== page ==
An orthotopic glioblastoma animal model suitable for high-throughput screenings

Pudelko L, Edwards S, Balan M, Nyqvist D, Al-Saadi J, Dittmer J, Almlöf I, Helleday T, Bräutigam L

- 20 (11) 1475-1484 [2018-10-09; online 2018-05-10]

Background Glioblastoma (GBM) is an aggressive form of brain cancer with poor prognosis. Although murine animal models have given valuable insights into the GBM disease biology, they cannot be used in high-throughput screens to identify and profile novel therapies. The only vertebrate model suitable for large-scale screens, the zebrafish, has proven to faithfully recapitulate biology and pathology of human malignancies, and clinically relevant orthotopic zebrafish models have been developed. However, currently available GBM orthotopic zebrafish models do not support high-throughput drug discovery screens. Methods We transplanted both GBM cell lines as well as patient-derived material into zebrafish blastulas. We followed the behavior of the transplants with time-lapse microscopy and real-time in vivo light-sheet microscopy. Results We found that GBM material transplanted into zebrafish blastomeres robustly migrated into the developing nervous system, establishing an orthotopic intracranial tumor already 24 hours after transplantation. Detailed analysis revealed that our model faithfully recapitulates the human disease. Conclusion We have developed a robust, fast, and automatable transplantation assay to establish orthotopic GBM tumors in zebrafish. In contrast to currently available orthotopic zebrafish models, our approach does not require technically challenging intracranial transplantation of single embryos. Our improved zebrafish model enables transplantation of thousands of embryos per hour, thus providing an orthotopic vertebrate GBM model for direct application in drug discovery screens.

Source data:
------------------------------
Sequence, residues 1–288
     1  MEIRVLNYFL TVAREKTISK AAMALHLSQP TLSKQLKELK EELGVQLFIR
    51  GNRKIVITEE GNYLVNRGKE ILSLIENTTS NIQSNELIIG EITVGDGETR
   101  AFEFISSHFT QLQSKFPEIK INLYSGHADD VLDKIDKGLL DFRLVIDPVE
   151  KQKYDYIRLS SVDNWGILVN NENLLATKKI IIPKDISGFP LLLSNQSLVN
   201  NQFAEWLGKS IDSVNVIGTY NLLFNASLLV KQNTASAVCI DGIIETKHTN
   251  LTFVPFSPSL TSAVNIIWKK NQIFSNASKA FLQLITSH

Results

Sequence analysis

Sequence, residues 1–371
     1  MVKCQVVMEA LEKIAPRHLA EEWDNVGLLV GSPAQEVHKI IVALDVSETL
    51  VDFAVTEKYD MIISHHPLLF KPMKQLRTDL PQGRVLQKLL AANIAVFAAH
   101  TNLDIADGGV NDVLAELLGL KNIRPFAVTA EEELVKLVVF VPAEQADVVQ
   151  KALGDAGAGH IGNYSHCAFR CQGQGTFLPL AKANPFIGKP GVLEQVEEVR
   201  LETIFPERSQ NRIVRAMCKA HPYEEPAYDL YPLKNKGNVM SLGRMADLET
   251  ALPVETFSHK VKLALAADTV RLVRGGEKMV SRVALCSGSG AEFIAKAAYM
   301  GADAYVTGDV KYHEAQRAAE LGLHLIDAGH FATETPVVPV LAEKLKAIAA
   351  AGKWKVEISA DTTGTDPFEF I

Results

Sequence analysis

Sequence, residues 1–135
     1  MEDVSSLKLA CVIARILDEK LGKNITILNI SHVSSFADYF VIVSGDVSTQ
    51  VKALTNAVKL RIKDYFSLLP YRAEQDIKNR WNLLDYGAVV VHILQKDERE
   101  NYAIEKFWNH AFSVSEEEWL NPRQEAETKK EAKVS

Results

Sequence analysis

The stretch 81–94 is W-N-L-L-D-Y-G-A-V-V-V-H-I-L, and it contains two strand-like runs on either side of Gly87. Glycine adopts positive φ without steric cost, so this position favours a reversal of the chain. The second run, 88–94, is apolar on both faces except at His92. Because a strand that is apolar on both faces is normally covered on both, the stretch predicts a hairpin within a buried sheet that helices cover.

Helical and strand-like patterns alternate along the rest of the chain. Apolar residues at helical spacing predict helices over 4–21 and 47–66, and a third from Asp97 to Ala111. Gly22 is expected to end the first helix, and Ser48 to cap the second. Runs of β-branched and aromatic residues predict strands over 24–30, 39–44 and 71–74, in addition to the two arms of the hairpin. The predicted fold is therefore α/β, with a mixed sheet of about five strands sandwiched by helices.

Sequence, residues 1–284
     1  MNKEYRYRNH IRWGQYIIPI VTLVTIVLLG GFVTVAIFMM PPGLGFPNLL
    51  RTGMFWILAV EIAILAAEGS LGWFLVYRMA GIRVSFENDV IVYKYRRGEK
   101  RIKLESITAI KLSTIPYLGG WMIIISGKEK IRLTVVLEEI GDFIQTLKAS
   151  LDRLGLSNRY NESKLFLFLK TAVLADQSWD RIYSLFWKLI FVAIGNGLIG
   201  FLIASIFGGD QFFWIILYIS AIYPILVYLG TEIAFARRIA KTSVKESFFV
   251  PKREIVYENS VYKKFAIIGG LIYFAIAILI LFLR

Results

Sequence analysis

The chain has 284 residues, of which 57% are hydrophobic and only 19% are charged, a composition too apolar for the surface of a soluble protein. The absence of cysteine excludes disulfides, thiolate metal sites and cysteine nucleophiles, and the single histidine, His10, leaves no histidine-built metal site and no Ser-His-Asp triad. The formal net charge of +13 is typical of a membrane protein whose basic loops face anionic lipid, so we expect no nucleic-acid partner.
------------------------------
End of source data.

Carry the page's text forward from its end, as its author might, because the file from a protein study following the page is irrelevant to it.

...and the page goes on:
Advanced Light Microscopy (ALM) [Collaborative]

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PubMed 29750281

DOI 10.1093/neuonc/noy071

Crossref 10.1093/neuonc/noy071

Steven Edwards collaboration (Light-sheet)